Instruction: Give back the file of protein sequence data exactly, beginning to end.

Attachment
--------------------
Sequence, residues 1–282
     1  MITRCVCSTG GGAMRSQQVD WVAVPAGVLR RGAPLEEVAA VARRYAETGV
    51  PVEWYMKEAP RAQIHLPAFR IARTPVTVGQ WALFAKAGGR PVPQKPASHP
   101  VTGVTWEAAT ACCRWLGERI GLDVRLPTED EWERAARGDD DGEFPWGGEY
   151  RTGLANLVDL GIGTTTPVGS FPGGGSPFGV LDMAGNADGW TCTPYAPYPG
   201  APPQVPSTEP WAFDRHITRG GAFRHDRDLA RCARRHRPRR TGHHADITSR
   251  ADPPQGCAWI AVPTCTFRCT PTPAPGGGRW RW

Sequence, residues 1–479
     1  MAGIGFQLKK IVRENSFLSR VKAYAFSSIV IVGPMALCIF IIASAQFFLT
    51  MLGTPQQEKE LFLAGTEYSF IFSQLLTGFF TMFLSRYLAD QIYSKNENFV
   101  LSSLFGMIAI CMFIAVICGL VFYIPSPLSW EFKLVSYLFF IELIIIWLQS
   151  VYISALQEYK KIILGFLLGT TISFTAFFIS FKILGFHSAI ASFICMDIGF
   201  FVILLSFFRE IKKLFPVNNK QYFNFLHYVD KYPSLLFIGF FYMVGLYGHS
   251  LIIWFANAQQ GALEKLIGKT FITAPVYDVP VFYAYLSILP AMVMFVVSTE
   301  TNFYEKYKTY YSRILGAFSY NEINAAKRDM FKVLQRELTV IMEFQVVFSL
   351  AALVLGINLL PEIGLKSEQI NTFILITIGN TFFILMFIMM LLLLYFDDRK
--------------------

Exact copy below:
Sequence, residues 1–282
     1  MITRCVCSTG GGAMRSQQVD WVAVPAGVLR RGAPLEEVAA VARRYAETGV
    51  PVEWYMKEAP RAQIHLPAFR IARTPVTVGQ WALFAKAGGR PVPQKPASHP
   101  VTGVTWEAAT ACCRWLGERI GLDVRLPTED EWERAARGDD DGEFPWGGEY
   151  RTGLANLVDL GIGTTTPVGS FPGGGSPFGV LDMAGNADGW TCTPYAPYPG
   201  APPQVPSTEP WAFDRHITRG GAFRHDRDLA RCARRHRPRR TGHHADITSR
   251  ADPPQGCAWI AVPTCTFRCT PTPAPGGGRW RW

Sequence, residues 1–479
     1  MAGIGFQLKK IVRENSFLSR VKAYAFSSIV IVGPMALCIF IIASAQFFLT
    51  MLGTPQQEKE LFLAGTEYSF IFSQLLTGFF TMFLSRYLAD QIYSKNENFV
   101  LSSLFGMIAI CMFIAVICGL VFYIPSPLSW EFKLVSYLFF IELIIIWLQS
   151  VYISALQEYK KIILGFLLGT TISFTAFFIS FKILGFHSAI ASFICMDIGF
   201  FVILLSFFRE IKKLFPVNNK QYFNFLHYVD KYPSLLFIGF FYMVGLYGHS
   251  LIIWFANAQQ GALEKLIGKT FITAPVYDVP VFYAYLSILP AMVMFVVSTE
   301  TNFYEKYKTY YSRILGAFSY NEINAAKRDM FKVLQRELTV IMEFQVVFSL
   351  AALVLGINLL PEIGLKSEQI NTFILITIGN TFFILMFIMM LLLLYFDDRK